A group of locals concerned about the use of fluoride in the public water supply met to learn more about the issue at East Hills Library on Thursday night.
The discussion was led by Richard Taylor, an area clinical psychologist affiliated with the Fluoride Action Network. The group opposes the addition of fluoride in drinking water.
Mr. Taylor said the ultimate goal is to work toward convincing city officials opt out of using fluoride.
“We’re trying to educate the citizens of St. Joseph as to the adverse health effects of fluoride in drinking water,” he said. “Things that people probably aren’t even aware of.”
… According to reports previously published in the News-Press, in 1963, voters rejected a fluoride ordinance by a margin of 500 votes. Fifteen years later, the City Council moved to put the decision before the people in the Nov. 1988 election, where voters approved fluoridation by a narrow margin. The city’s water supply has included fluoride since 1989.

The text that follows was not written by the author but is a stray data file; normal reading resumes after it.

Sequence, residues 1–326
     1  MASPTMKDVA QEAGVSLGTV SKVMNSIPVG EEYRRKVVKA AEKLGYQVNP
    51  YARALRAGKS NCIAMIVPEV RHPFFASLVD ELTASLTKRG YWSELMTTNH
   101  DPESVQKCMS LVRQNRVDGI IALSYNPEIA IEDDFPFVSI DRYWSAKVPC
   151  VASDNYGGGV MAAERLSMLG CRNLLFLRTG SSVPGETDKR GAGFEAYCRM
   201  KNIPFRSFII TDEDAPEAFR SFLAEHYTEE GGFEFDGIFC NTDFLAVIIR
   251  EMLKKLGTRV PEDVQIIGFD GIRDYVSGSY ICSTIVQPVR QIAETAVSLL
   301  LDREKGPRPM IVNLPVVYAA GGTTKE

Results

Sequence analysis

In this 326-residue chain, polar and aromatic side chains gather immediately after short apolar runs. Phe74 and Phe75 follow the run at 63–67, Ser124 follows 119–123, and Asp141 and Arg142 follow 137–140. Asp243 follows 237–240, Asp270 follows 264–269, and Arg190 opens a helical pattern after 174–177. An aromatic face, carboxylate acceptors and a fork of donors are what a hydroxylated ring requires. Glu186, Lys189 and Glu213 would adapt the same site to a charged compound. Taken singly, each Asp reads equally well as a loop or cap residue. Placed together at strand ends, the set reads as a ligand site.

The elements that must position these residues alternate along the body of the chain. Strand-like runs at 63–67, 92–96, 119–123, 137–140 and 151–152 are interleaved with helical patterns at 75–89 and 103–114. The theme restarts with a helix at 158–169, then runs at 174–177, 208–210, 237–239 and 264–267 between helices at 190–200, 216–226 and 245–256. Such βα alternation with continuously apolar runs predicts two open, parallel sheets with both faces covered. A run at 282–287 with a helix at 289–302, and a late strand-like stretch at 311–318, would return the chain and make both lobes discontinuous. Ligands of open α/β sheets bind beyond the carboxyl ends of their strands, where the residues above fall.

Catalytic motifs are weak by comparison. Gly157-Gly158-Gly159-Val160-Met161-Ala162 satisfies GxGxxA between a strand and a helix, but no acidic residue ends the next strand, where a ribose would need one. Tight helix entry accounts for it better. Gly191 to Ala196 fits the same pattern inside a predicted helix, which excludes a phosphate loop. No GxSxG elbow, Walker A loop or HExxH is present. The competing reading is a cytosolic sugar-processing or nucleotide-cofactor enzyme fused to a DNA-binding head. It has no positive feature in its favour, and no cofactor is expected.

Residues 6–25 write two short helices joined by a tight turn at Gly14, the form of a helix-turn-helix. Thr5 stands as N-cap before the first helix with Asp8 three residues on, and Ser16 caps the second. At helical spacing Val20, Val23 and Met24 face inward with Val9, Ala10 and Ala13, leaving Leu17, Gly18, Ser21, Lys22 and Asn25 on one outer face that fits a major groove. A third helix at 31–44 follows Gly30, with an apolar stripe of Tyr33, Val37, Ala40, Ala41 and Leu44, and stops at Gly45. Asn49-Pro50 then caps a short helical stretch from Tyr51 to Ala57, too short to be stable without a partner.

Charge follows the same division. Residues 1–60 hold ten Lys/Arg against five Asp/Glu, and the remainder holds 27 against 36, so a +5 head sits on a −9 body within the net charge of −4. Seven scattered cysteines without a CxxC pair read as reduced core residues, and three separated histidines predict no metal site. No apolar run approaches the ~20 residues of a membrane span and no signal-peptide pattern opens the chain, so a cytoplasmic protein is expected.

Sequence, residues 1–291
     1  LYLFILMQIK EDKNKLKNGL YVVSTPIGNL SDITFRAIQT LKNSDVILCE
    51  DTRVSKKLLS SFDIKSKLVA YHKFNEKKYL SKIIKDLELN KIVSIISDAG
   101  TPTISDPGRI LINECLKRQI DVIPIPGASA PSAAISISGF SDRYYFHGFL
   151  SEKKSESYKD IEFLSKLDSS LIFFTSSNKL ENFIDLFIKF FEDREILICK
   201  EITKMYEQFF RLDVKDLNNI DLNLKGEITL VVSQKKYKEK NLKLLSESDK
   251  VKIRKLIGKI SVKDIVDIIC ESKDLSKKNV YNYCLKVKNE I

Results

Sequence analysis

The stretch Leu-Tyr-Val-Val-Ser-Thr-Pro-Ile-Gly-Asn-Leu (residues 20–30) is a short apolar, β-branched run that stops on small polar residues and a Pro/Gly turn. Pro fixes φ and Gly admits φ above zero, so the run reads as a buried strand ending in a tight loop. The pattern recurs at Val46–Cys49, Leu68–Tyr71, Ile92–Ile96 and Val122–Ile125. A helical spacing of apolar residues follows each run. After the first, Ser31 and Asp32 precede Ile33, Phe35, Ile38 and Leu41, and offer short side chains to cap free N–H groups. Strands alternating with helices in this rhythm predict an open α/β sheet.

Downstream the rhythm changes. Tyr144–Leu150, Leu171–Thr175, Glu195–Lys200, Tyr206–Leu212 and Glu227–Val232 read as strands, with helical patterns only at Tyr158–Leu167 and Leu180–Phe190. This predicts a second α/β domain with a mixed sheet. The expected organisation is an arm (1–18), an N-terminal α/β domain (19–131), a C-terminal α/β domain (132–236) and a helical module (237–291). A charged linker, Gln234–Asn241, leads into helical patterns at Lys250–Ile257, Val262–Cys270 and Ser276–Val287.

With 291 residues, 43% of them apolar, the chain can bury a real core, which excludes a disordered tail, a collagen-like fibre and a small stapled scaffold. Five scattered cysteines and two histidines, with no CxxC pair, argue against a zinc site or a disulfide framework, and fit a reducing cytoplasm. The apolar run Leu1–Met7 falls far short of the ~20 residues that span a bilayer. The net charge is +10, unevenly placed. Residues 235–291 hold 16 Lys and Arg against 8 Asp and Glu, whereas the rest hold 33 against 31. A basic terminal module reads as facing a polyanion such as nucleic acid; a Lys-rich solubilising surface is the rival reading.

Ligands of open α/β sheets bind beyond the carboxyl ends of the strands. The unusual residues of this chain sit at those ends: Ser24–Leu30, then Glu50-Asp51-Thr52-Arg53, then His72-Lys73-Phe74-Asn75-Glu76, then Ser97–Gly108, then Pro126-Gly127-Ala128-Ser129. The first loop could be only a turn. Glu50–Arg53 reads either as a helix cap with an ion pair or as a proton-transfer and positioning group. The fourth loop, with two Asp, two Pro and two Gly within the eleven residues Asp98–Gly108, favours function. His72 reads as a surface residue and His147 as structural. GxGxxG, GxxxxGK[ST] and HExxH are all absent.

In the 1988 vote, St. Joseph residents approved the addition of 1 part per million of fluoride in the water. In 2011, the City Council approved the reduction to .7 parts per million, in line with federal recommendations.
When the issue of whether to end fluoridation came before the City Council in 2012, a Missouri American Water spokeswoman told the council that the city’s water naturally contains about .3 parts per million of fluoride before any fluoride is added.